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Dread Opening Your Inbox? There's A New Approach To Embracing All Those Emails


Let's face it. Email can be exhausting - the notification, the replies, the dreaded reply-alls and so much spam. Here's how a couple of people around NPR deal with their inboxes.

UNIDENTIFIED NPR EMPLOYEE #1: I manage my inbox by filing and deleting emails religiously. If I have more than 5 unreads, I get major anxiety about it.

UNIDENTIFIED NPR EMPLOYEE #2: I follow the Marie Kondo method of it either sparks joy or it gets thrown out. So that's how I treat my email.

UNIDENTIFIED NPR EMPLOYEE #3: I wouldn't say that I always get to Inbox Zero. But every once in a while, I get to Inbox Zero.

GARCIA-NAVARRO: Oh, that dreaded Inbox Zero. But this week, we heard about a new, intriguing approach to try in 2019 - inbox infinity. In a recent piece in The Atlantic, tech writer Taylor Lorenz argues, in 2019, you should lose the zero and embrace the Zen. Let all those emails flooding your inbox wash over you. Respond to what you can, and ignore the rest. Key to inbox infinity - telling close contacts and family that your email replies might be slow in coming - if at all - as well as alternative ways to reach you. It's that easy. Or maybe not, depending on how email-dependent your boss, your colleagues and your best friend, your mom and your husband are. As for me, I've apparently been embracing inbox infinity for years without knowing it. And let me tell you, it feels great. Don't expect a reply anytime soon.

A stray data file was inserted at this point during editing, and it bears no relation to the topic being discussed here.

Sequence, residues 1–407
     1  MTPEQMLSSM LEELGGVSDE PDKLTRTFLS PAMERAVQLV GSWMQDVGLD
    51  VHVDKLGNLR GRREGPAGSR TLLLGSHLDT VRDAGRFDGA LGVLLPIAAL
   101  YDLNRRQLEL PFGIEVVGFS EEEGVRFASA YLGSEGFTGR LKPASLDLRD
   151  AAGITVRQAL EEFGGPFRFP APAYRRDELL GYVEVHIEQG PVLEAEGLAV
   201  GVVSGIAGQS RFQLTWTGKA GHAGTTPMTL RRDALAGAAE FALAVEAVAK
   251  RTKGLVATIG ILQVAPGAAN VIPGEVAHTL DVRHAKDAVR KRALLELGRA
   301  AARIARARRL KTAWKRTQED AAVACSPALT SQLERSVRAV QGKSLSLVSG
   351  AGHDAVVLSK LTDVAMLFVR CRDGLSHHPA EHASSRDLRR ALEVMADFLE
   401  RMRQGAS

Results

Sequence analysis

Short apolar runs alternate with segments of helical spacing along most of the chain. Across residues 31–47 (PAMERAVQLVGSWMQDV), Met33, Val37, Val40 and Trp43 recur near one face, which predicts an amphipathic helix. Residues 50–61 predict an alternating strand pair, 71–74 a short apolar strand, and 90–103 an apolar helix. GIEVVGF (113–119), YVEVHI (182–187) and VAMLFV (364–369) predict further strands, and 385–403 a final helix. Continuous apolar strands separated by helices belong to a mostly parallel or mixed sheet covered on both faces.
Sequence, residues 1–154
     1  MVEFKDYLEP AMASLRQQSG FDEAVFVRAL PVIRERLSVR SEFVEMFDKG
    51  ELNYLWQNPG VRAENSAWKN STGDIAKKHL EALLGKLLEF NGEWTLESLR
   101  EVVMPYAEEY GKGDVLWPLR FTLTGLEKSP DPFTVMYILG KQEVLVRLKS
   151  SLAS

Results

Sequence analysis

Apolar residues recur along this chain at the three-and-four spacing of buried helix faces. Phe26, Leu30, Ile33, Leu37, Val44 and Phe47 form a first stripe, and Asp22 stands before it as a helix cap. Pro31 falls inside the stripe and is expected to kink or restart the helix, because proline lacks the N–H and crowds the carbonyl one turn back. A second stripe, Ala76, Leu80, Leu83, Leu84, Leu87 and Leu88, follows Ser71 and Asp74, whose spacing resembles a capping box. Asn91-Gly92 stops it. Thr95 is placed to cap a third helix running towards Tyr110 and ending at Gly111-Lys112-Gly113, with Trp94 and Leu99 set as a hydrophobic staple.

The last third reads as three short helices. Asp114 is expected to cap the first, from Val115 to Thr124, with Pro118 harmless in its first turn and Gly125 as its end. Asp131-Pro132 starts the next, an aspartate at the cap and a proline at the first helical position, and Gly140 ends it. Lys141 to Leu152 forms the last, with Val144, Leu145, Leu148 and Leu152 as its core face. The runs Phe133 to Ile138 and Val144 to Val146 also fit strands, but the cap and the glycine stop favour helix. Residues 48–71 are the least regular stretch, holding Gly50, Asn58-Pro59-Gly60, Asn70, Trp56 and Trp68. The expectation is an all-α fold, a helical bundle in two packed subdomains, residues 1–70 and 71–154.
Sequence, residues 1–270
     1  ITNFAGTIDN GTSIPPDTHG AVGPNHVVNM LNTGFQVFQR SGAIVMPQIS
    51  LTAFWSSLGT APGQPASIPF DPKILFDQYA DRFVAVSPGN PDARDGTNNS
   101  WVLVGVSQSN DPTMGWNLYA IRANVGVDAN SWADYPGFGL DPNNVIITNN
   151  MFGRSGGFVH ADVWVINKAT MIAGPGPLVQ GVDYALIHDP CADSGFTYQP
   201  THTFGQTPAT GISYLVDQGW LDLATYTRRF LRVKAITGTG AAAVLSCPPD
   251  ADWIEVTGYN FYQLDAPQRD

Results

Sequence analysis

(SOUNDBITE OF ZONY MASH'S "MEET THE ZONY MASH") Transcript provided by NPR, Copyright NPR.

Lulu Garcia-Navarro is the host of Weekend Edition Sunday and one of the hosts of NPR's morning news podcast Up First. She is infamous in the IT department of NPR for losing laptops to bullets, hurricanes, and bomb blasts.